Over the years, the G20 Research Group has generated a wealth of data, offering insight into the measures that can increase leaders’ compliance with their commitments
At a time when the economic fallout from COVID-19 has rendered coordinated global policy responses a necessity, the G20 Riyadh Summit is in an optimal position to be the platform where world leaders can come together to promote international financial stability and recovery. Success here will ultimately be determined by how much G20 members comply with the commitments they make at the summit.
By using data collected by the G20 Research Group, it is possible to identify which factors are associated with higher compliance, enabling strategies for increasing the impact of the 2020 Riyadh Summit and subsequent G20 summits.
Trends in compliance
The G20 Research Group has identified 2,667 commitments made at G20 summits between the first in Washington DC in 2008 and the 2019 Osaka Summit. Those commitments primarily target macroeconomic policy, financial regulation and development (see Figure 1). Researchers have also assessed a sample of those commitments for compliance, in the form of evidence of actions taken by G20 members between the summit at which the commitment was made until the next one. An analysis of this sample reveals trends in compliance by year, subject and member, and offers a detailed look at the impact of G20 summits.
The G20 Research Group estimates that 54% of these commitments made since the 2008 Washington Summit were complied with in full, 34% were partially complied with and 13% were not achieved at all (Figure 2).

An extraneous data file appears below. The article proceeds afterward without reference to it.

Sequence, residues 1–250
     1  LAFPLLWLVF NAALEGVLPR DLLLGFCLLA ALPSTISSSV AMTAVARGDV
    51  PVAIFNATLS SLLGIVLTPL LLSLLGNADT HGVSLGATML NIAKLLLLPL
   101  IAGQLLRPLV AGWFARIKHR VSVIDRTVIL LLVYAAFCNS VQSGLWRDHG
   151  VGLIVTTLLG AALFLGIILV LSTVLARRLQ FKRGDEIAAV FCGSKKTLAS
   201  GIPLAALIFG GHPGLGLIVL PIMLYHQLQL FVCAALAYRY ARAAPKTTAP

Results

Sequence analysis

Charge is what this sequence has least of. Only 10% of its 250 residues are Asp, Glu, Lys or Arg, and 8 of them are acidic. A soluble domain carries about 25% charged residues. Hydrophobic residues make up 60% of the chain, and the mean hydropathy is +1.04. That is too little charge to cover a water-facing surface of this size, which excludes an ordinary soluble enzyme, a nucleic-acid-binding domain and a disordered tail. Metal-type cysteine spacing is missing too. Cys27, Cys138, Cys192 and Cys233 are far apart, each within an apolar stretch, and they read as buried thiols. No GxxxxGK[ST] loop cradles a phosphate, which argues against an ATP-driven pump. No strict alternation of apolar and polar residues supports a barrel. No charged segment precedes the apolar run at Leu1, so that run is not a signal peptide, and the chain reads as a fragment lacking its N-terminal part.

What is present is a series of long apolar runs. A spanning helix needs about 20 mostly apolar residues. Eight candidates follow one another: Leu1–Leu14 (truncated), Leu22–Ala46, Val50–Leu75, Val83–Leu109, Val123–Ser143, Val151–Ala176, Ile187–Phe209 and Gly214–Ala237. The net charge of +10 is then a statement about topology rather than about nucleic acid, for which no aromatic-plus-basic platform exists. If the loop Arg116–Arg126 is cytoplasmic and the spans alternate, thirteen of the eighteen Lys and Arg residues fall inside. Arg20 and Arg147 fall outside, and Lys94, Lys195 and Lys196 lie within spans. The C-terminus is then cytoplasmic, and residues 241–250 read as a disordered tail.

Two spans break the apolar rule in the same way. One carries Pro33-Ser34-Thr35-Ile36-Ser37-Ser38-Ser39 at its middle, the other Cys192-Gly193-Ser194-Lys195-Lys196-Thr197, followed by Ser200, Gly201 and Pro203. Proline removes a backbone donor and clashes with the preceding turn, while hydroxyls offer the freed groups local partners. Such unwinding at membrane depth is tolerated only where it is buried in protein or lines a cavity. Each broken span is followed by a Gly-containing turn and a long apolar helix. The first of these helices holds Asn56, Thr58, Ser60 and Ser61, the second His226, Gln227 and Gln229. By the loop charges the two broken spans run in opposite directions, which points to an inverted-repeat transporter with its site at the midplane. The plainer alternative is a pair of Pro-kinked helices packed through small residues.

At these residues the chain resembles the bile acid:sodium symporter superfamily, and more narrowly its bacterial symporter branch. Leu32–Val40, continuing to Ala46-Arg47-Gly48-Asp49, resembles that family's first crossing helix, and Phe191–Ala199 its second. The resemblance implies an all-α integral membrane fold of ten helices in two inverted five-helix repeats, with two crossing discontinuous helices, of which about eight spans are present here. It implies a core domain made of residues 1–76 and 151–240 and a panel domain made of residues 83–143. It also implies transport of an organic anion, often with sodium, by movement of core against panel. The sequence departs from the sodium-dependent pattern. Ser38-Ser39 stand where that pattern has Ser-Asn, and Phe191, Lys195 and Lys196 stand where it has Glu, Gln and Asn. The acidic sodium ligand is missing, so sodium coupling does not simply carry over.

The Washington Summit in November 2008 had the highest portion of full compliance (65%), and the London Summit in April 2009 had the lowest full compliance (44%). Preliminary results suggest that the Extraordinary G20 Leaders’ Summit in March 2020 had 53% full compliance two months later, similar to the full compliance of the G20 across all years (see Figure 3).
By subject, full compliance is strongest in the fields of microeconomic policy (80%), information and communications technology and digitalisation (72%) and macroeconomic policy (70%). Commitments regarding the environment (26%) and international cooperation (15%) have historically had the lowest compliance (see Figure 4).
By member, the European Union and Canada (both with full compliance of 77%) and Germany and Australia (both with 72%) have the highest full compliance with summit commitments. Indonesia (39%), Russia (38%), South Africa (36%) and Argentina (33%) have the lowest full compliance (see Figure 5).
Factors linked to high compliance
These data can also be used to identify specific factors associated with higher compliance (see Figure 6). By placing scores on a continuous scale, where full compliance is 100%, partial compliance is 50% and no compliance is 0%, the impact of these factors can be quantified.
This analysis reveals that references to a specific date have the greatest negative impact on compliance, associated with 10% less compliance than when commitments do not reference a specific date. References to developing countries also have much lower compliance (−7%).
However, significantly higher compliance was found when the commitment used highly binding language that strongly committed members to fulfil the commitment, as opposed to commitments with weaker pledges. For these stronger commitments, compliance was higher by 6%.
Also saliently, when a meeting of ministers responsible for the subject relevant to the commitment was held in the same year as the summit, compliance was 3% higher. This factor had the largest positive impact on compliance.
This information offers some insights into actions G20 members can take to improve their compliance with the commitments made at the summit. Although the results might not show a causal relationship, they provide sufficient evidence to support holding ministerial meetings on the same subjects and making strongly binding commitments at G20 summits. These two actions may increase compliance and therefore also increase the efficacy of the G20 itself.